• run the governme
  24. national league of cities v. usery
    Facts of the Case


    • In 1974, Congress passed amendments to the Fair
    • Labor Standards Act of 1938. The purpose of the amendments was to
    • regulate minimum wage and overtime pay for state and local government
    • employees. The National League of Cities, as well as several states and
    • cities, challenged the constitutionality of the amendments.






    Question


    • May Congress, acting under its commerce power,
    • regulate the labor market of state employees, which the Tenth Amendment
    • reserves to the states?





    • Argument
    • National League of Cities v. Usery - Oral ArgumentNational League of Cities v. Usery - Opinion AnnouncementNational League of Cities v. Usery - Oral Reargument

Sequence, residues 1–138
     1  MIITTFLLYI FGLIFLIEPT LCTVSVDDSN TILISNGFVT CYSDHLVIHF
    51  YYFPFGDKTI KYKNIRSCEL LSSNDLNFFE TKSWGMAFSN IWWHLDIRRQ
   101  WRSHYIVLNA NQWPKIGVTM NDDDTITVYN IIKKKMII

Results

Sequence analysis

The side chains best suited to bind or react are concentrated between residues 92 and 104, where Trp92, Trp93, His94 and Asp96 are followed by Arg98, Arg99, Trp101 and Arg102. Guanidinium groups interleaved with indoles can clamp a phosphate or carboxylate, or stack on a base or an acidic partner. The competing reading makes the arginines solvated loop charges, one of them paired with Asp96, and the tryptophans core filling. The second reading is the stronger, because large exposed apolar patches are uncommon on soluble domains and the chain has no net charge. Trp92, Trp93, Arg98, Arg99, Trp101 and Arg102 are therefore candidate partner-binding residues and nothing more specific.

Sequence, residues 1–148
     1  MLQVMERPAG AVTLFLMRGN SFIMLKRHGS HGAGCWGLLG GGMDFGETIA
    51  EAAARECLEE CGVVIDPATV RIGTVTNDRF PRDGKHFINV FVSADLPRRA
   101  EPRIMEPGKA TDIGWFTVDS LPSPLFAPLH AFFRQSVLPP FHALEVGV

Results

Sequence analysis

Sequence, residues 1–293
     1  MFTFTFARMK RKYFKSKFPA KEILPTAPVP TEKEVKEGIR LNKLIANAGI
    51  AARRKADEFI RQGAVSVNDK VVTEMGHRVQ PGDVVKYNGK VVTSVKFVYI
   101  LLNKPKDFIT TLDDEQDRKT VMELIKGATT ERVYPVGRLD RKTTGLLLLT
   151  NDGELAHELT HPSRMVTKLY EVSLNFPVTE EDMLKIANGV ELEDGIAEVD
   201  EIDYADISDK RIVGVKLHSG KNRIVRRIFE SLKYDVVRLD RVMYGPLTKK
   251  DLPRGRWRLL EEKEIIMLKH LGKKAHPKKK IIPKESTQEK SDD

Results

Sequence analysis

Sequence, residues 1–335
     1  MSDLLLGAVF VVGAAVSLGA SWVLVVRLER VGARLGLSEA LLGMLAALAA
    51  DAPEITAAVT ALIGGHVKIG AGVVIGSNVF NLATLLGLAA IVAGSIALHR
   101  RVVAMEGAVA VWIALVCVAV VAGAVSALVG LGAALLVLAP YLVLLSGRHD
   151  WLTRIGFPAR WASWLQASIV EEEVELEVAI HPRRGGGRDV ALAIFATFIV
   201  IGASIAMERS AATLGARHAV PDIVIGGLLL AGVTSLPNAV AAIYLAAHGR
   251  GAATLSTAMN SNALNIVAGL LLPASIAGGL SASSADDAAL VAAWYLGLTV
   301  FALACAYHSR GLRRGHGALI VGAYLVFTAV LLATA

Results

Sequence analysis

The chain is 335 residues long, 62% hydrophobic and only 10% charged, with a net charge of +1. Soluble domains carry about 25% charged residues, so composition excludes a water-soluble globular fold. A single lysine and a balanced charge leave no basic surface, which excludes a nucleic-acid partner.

Conclusion








    • Decision: 5 votes for National League of Cities, 4 vote(s) against
    • Legal provision: Article 1, Section 8, Paragraph 3: Interstate Commerce Clause









    • Congress may not regulate the labor market of
    • state employees. The Tenth Amendment prohibits Congress from enacting
    • legislation which operates "to directly displace the States' freedom to
    • structure integral operations in areas of traditional governmental
    • functions." While the power of Congress under the Commerce Clause is
    • "plenary," that power has constitutional limits. In this case, the
    • exercise of the commerce power ran afoul of the Tenth Amendment which
    • protects the states' traditional activities.
  25. garcia v. San antoonio metropolitical transit
  26. new york v united states
  27. printz s. united States
  28. alden v. maine
  29. gibbons vs. ogden
  30. united states v. Knight
  31. stafford vs. wallace
  32. poultry corp v. united states
  33. carter vs. coal company
  34. national labor relations board v jones and steel company
  35. United states vs. Darby
  36. Wickard vs, Fillburn
  37. United states v. lopez
  38. united state v. morrison
  39. Gonzales v. Raich